April 6, 2013
Sabbath moments are those times when we encounter God in rest or in the ordinary times of our lives when we lift our hearts up to Him or experience His presence as we go about our daily work. Join us at Colleen’s blog, Thoughts on Grace, to connect to other bloggers and read their Sabbath Moments.
Rain, rain, rain, keep coming!
Normally I associate Easter with fresh spring breezes, sunshine, birds chirping, etc. However, this year Holy Week and a few days this week were wet, cold, and a little snowy. That’s great. The Lord is slowly resolving the drought of the past several years. All those prayers are being answered. The few sunny and mild days sandwiched between the rain have, by contrast, been all that more precious. In any case, a certain restfulness has permeated the Easter season this year. We are looking forward to getting veggies into the ground and letting God do more of the watering this year.
Waking up early and lying in bed pondering things of God is a luxury of old age and compensation for not being able to gad about as in my younger, much more thoughtless years. Pope Francis gave us many ponderables in his sermons over the past couple of weeks which formed the subject of my morning prayer time and a few blog posts, too.
I’ve been reading Esther de Waal’s Living With Contradiction: An Introduction to Benedictine Spirituality which is rich with meditation subjects. I like spiritual books that one can pick up, read a little, and then put down until next time. The thinking time between reading brings many Sabbath moments.
Simplicity in prayer
Meditation #146 today from Divine Intimacy was on prayer. Father Gabriel of St. Mary Magdalene, O.C.D. wrote some basic observations that I always find help me refocus on the simplicity of prayer. No matter how many times I read these meditations, I always gain something new.
“For me,” said St. Therese of the Child Jesus, “prayer is an uplifting of the heart, a glance toward heaven, a cry of gratitude and of love in times of sorrow as well as of joy” (Story of a Soul, 11). In this perspective we must understand the traditional definition of prayer: elevation mentis ad Deum, the raising of the mind to God, and not only the mind, but also, and especially, the heart. Prayer may be a silent movement of the mind, or simply a cry, a request, a colloquy; in these latter motions are verified the other aspects of prayer,…a pious conversation with God, and…a confident request for His graces.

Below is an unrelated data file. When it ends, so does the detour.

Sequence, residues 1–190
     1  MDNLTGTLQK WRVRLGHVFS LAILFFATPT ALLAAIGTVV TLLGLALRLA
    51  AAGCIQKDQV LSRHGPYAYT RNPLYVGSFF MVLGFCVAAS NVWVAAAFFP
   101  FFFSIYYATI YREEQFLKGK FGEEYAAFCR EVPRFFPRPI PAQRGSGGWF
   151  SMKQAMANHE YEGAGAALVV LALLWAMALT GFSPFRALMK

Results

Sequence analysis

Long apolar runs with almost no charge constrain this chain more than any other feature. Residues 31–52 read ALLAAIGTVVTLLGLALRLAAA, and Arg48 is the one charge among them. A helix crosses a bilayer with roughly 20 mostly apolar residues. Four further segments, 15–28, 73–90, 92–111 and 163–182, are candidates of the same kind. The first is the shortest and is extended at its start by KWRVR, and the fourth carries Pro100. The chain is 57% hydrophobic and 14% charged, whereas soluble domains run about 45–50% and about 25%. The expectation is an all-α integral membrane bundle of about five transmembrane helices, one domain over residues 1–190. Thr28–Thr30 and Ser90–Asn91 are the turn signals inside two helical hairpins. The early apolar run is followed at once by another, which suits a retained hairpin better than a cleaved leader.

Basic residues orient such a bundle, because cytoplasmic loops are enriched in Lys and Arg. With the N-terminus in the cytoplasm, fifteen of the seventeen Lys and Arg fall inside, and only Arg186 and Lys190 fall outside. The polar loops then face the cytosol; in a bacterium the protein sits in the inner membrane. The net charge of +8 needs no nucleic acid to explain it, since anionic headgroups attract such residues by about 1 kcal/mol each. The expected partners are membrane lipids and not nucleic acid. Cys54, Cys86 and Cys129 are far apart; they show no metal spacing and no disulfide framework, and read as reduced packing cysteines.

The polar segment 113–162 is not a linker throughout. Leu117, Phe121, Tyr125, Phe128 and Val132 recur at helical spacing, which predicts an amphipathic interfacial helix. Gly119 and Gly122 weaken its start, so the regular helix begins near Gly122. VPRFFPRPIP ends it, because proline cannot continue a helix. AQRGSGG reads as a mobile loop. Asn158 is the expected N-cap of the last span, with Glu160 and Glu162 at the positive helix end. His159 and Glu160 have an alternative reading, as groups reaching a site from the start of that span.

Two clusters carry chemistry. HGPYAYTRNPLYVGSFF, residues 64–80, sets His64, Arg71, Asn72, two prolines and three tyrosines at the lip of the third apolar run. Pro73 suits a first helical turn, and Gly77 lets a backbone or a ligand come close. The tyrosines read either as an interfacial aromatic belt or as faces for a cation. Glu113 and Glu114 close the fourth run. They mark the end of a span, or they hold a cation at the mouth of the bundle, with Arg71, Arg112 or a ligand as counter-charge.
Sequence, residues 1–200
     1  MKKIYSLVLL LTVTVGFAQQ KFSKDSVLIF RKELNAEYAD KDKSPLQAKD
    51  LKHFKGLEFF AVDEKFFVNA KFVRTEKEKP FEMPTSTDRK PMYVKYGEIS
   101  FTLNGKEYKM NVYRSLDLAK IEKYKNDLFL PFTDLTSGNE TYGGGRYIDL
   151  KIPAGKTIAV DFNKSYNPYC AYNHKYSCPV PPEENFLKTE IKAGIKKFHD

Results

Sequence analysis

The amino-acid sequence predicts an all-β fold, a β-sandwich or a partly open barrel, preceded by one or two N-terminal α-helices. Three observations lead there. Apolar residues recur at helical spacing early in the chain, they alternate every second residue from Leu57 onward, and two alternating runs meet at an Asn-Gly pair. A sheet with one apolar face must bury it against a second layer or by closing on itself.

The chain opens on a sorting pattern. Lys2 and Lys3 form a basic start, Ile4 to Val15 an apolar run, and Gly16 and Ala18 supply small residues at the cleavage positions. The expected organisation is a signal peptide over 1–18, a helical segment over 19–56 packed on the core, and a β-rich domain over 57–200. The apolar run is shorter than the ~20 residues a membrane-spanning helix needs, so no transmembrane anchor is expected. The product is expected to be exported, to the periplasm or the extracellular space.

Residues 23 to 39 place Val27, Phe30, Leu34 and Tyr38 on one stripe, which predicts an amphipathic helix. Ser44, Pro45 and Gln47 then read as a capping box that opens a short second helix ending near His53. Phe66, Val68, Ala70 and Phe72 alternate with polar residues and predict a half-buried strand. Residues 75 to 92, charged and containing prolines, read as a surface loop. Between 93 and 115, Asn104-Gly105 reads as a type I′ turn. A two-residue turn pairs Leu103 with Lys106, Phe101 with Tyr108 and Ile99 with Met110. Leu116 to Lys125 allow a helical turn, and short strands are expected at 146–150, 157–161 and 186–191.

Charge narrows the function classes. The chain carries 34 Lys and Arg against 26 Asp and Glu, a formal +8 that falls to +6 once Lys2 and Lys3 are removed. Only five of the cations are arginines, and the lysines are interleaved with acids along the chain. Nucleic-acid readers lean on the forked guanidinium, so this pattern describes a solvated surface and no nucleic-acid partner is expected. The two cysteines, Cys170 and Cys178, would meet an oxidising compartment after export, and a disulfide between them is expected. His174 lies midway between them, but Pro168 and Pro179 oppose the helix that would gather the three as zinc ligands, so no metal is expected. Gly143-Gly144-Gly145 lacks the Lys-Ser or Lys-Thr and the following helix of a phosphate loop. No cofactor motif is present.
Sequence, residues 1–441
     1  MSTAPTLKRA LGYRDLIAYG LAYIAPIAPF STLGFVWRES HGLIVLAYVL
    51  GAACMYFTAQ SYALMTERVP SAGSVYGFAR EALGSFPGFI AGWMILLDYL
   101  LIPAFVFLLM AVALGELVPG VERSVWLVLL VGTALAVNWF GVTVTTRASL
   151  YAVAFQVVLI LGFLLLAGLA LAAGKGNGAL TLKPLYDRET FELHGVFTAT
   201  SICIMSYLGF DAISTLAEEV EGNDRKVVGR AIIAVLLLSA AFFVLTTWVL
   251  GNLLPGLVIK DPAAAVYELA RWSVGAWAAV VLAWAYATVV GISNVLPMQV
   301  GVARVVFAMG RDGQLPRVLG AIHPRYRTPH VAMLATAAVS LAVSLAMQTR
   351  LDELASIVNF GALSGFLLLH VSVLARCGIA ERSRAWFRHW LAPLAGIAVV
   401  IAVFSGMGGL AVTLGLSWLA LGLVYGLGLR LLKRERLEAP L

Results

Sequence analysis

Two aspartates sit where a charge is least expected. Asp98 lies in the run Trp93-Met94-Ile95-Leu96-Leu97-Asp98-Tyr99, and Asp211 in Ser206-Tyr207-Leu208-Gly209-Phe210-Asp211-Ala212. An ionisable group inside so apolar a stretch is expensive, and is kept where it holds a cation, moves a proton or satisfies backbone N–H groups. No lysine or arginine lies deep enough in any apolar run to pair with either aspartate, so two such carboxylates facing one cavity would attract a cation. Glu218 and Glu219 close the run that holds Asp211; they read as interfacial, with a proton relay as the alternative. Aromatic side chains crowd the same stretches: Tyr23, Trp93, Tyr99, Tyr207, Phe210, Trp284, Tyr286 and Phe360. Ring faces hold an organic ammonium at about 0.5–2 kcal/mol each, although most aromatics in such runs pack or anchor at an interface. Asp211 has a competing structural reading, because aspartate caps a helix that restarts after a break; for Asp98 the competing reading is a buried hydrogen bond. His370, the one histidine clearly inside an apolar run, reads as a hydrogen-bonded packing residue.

Whatever form it takes, true prayer is not complicated or constrained; it is the breath of the soul that loves its God, the habitual attitude of the heart which tends toward God. The soul seeks Him, wants to live with Him, knows that every benefit, every help, comes from Him. Thus, spontaneously, without even thinking about it, the soul passes from the simple elevation toward God to the prayer of petition or to intimate colloquy, to arrive finally at the transport of the heart, the glance toward heaven.
Prayer understood in this way is always possible, in all kinds of circumstances and in the midst of varying occupations; furthermore, for a soul who really loves God, it would be as impossible for it to interrupt prayer as it would be for it to stop breathing.
To get to this point we, with or without words, must ask God for the grace to live this way. It is actually a grace to even want to do it. On the surface it seems an impossibility to reach this goal, and, if it were up to us alone, a definite impossibility. But knowing that God desires this intimacy with us, we can be confident that He will make it happen with our cooperation. The minute we think that our own doing alone will get us there, we are sunk.
Praying always is a habit, and we might also say, a state of being. It makes even the most mundane tasks endurable and sanctifying. For instance, you can’t get more mundane than picking up dog poop in the yard. My husband takes care of this most of the time, but I sometimes do it. While my first reaction is, “Yuck,” God takes over. My prayer seems to jump right out of my heart:
Thank You, Lord, for the ability to do this. Thank You, Lord, for Francie. We are so blessed to have her as a companion. You know the laughs she gives us and the affection we prize from her. This is such a little thing to do for such a great gift. Lord, provide for us as we provide for Francie with Your help…
The sun sure feels good today, Lord. Thanks for its healing rays. Thanks for our yard and the places to grow veggies. Thanks for good neighbors and please bless them. Bless our not so good neighbors, especially the drunk next door. He really needs your help and so does his family. Thanks for Your love and attention to our needs…
And on it goes. Ordinary people might think these prayers are stupid, but I know that God wants to hear from me and since He is the one who set our lives in motion to include the ordinary as a big chunk of our existence, I figure there’s no point in wasting all that valuable time worrying about stuff I can’t do anything about and instead spend it with Him. What about you?
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R. Now and forever!
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